No matter how much I rationalize it, staying at Georgetown for the spring semester of my junior year feels like embarking on a stroll through a dark, desolate forest where all the trees are towering black shadows. Only the people who are in my position (and there are not many of you, might I add), really have the right to call me melodramatic. It is certainly an uncomfortable position when all of your friends suddenly venture off to exotic lands to “find themselves” and you are kind of stuck here, holding on to whomever you can.

I usually write more abstract and impersonal political rants – but I thought I’d spice things up a bit and talk about how I think that maybe it’s OK to miss out on study abroad. It’s not a popular position. In fact, most people who miss out on the opportunity are left with lingering insecurities that they missed the chance of a lifetime; or that study abroad as an institution, is something that everyone needs to do. There is this kind of overbearing pressure – that regardless of your career pursuits, if you don’t go study in a different country for five months, then you’ll never get the chance to travel again. I think that notion, if anything, is melodramatic.

I’m not so worried about getting my travel time done before I get too old to do it. I think that for many of us, these opportunities will come again and again – and if Georgetown hasn’t got anything wonderful to offer you, then maybe it is worth waiting around for something better. I flirted endlessly with the notion of studying abroad, from Argentina to England to Turkey – only to conclude that none of the programs at this school really fit me. And it really wasn’t in my best interest to just go, for the sake of getting the hell out. Having had countless conversations with countless people, I find that people are often sold short of their true aspirations of travel. I wish I could receive a small donation from all the people who say something along the lines of “Well, I don’t really want to go to so and so country, but it’s the only thing they offer” – or – “I couldn’t get my first choice.” Why not wait until you can take full advantage of a program that supercedes what this school has to offer? Georgetown’s presence in the South/Southeast Asian part of the world is pretty pathetic – that’s what basically accounts for my decision to stay here. If I think about it long enough it depresses me – so I don’t think about it.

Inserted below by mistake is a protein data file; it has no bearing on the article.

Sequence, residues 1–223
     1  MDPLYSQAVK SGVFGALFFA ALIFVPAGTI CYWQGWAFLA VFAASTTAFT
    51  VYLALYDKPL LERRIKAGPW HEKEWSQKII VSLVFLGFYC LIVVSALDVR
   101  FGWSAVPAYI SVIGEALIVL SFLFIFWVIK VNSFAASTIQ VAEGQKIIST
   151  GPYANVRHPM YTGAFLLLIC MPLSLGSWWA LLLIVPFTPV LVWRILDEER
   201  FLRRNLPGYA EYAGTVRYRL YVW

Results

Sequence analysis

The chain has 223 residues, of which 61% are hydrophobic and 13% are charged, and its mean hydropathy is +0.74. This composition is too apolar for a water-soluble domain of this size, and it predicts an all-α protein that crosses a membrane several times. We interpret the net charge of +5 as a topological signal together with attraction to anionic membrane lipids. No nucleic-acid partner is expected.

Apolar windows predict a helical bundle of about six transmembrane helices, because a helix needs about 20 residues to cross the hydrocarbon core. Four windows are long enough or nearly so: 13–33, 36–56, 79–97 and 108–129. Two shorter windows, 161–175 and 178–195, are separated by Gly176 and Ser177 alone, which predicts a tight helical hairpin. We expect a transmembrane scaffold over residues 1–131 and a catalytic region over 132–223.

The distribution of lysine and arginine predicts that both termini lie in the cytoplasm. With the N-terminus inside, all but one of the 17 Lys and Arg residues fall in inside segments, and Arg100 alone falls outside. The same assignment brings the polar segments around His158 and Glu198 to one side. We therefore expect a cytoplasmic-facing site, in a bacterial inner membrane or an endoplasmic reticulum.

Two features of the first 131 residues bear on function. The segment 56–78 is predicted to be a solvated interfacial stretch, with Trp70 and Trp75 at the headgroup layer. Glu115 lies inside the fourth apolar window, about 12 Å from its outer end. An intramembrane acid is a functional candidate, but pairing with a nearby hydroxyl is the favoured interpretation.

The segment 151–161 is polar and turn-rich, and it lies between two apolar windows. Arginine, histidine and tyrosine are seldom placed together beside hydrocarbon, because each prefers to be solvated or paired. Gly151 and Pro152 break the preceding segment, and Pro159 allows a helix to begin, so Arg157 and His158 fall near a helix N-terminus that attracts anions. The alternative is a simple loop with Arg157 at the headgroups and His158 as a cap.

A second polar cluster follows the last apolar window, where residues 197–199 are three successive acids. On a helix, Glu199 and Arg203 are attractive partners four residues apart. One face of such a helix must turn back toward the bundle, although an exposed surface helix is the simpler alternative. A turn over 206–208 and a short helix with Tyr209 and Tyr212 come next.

I think a lot of people would argue against my stance. I just don’t see the point in going to a different country, just for the sake of going, when I really think that there are better traveling opportunities out there. Many of my friends acknowledge that due to their career and life choices, they may never get the chance to travel again. If that’s how you view your future, then the more power to you. This logic also applies to many people who just haven’t had the advantage in their lives up until now to really travel around at all. I think, however, that the people who are sticking around next semester and maybe feel as if they are going to miss out, or have missed out on something tremendous probably could use a reality check. College is not the sole window of opportunity in one’s life – if you graduate and leave at the age of 21 or 22 then you have much more of your life ahead of you than you might think.

Maybe I am just naive – but I feel like it’s the kind of situation that keeping a positive outlook will carry you through. Whether you stay here or go study in a far away country for the coming semester, thinking optimistically about what’s in store for you may be the healthiest form of denial. Just telling yourself that your situation isn’t bad and that there are pros and cons to every decision you make, will make whatever experience you have a lot more valuable.

Sonia Mukhi is a junior in the School of Foreign Service and can be reached at mukhithehoya.com. A YOUNG WOMAN’S PEN appears every other Tuesday.

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